Dayton festival organizers share how they’re making cultural celebrations possible during coronavirus pandemic

Credit: Tom Gilliam

Credit: Tom Gilliam

Throughout the coronavirus pandemic, the fate of large gatherings, festivals and traditional events has often been grim.

Most of the signature festivals and big events of summer have been canceled, and that trend is continuing into fall.

Four of Dayton’s most popular food festivals, however, are still moving forward with plans for smaller-scale versions of their events, with a focus on authentic, cultural food made by volunteers available for carryout, in addition to entertainment that can be enjoyed virtually or from a safe distance on-site.

We talked with organizers of the Germanfest Picnic, Dayton Greek Festival, Dayton Lebanese Festival and Italian Fall Festa about their plans to find a way to continue their traditions in some way this year and what those traditions mean to the community.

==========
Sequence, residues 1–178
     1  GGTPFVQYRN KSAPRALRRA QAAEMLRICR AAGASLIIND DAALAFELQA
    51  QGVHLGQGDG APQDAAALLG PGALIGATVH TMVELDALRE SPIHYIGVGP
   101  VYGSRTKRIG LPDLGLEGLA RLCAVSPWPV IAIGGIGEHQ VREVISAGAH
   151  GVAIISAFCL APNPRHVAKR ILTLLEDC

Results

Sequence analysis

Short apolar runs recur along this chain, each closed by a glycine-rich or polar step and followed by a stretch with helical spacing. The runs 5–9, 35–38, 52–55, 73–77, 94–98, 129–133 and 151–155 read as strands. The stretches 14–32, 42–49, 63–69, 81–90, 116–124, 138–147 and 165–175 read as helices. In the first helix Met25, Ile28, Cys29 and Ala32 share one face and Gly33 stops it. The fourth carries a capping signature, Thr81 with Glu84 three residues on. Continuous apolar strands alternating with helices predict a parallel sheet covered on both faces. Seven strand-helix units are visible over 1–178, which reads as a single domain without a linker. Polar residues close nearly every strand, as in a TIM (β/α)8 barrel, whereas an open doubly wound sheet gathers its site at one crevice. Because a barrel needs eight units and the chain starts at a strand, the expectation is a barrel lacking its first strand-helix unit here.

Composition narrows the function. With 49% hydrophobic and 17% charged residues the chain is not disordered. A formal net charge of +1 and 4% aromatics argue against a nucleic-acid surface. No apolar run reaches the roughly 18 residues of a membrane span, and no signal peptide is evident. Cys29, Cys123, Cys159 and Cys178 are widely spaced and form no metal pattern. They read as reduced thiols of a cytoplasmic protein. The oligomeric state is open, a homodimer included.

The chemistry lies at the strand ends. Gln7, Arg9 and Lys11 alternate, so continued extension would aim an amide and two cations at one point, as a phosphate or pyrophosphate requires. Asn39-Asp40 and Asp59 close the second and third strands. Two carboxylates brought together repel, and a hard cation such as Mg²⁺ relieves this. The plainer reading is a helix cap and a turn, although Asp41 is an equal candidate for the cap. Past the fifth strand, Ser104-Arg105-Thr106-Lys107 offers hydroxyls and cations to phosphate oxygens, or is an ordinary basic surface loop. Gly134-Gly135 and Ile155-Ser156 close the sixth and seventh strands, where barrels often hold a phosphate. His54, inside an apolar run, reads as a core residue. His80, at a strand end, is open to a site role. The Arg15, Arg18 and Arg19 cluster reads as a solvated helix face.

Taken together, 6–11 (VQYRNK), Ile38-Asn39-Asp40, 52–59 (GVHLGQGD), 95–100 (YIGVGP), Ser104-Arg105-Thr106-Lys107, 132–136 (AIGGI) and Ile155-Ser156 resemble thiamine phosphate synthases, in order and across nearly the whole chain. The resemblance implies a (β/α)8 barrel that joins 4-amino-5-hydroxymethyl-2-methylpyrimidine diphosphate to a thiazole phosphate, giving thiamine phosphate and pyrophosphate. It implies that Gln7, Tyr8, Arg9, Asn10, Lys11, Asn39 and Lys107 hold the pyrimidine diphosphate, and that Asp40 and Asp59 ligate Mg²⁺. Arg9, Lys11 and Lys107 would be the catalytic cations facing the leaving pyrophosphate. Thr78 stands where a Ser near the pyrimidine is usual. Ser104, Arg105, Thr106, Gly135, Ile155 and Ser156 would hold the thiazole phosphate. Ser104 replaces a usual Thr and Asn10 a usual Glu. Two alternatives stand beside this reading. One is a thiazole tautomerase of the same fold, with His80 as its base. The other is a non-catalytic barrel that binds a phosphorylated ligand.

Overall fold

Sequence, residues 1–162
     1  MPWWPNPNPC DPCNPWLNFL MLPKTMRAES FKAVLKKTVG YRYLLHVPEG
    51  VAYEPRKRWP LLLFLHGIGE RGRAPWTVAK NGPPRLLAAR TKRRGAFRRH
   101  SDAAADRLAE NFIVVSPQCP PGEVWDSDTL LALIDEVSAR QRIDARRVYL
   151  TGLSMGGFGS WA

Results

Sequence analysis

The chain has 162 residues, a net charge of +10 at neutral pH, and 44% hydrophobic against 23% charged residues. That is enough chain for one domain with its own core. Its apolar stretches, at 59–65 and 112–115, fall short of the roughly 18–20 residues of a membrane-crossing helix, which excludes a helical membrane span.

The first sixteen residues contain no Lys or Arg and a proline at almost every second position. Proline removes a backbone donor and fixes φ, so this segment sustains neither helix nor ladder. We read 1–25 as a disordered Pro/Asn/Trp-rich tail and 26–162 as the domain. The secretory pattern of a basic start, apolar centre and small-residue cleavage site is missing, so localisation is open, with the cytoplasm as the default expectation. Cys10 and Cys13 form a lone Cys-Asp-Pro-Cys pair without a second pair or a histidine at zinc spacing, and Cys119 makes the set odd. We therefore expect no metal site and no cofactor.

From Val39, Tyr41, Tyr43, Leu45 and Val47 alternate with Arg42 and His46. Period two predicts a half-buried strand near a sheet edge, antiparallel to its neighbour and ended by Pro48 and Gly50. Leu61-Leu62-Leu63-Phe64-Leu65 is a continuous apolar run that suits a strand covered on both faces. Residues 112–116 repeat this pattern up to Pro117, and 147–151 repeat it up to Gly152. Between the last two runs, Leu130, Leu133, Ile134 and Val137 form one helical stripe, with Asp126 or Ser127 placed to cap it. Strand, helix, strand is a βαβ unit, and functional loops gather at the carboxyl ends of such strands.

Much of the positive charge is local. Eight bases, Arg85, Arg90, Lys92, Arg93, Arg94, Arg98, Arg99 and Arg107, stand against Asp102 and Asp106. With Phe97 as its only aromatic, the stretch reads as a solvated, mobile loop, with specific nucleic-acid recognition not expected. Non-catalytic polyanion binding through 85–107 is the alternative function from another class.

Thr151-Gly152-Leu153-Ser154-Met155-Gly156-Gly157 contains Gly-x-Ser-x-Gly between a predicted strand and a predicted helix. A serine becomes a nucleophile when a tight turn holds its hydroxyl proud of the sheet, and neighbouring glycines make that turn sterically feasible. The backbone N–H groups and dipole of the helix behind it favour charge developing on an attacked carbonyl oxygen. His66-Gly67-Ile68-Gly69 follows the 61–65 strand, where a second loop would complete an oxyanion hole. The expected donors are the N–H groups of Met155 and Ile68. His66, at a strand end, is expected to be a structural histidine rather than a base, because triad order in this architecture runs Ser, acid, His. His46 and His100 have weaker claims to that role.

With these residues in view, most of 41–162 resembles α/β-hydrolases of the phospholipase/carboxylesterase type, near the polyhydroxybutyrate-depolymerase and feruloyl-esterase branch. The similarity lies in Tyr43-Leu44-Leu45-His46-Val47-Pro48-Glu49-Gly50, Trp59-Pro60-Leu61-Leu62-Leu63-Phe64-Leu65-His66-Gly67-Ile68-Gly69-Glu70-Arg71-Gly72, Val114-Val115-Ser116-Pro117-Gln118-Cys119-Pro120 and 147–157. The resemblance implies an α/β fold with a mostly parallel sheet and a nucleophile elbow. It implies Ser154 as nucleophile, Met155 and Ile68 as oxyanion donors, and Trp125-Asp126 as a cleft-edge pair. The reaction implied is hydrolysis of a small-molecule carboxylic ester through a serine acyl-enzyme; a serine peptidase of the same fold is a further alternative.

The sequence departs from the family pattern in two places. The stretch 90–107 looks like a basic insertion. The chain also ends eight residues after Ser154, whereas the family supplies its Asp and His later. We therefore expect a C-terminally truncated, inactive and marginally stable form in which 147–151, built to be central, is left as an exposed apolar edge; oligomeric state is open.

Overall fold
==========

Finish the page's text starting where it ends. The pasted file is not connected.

“We want to do this for the people in the community and even for our parishioners because that’s what Greeks do — they share their food, their culture, their heritage,” said Debra Pulos, public relations coordinator for the Greek Festival. “And, that’s kind of what we want to do. So we’re gonna give this a shot.”

Credit: Tom Gilliam

Credit: Tom Gilliam

Brian Andzik, one of the chief organizers of the Italian Fall Festa, also recognizes the impact that these festivals have on the community. Especially during the coronavirus pandemic, people are searching for ways to feel closer to others in a safe way — and these festivals can provide a unique remedy for this newfound isolation, he said.

“People have been losing their spirit a little bit, so we thought it was really important to try to maintain our continuity,” Andzik said. “We’ve been doing this 43 years, and we thought that it would be bad to break tradition. We think it’s important to bring something back to our patrons that have been with us for decades. So, we didn’t want to let go of that. We have the desire to do that for the community.”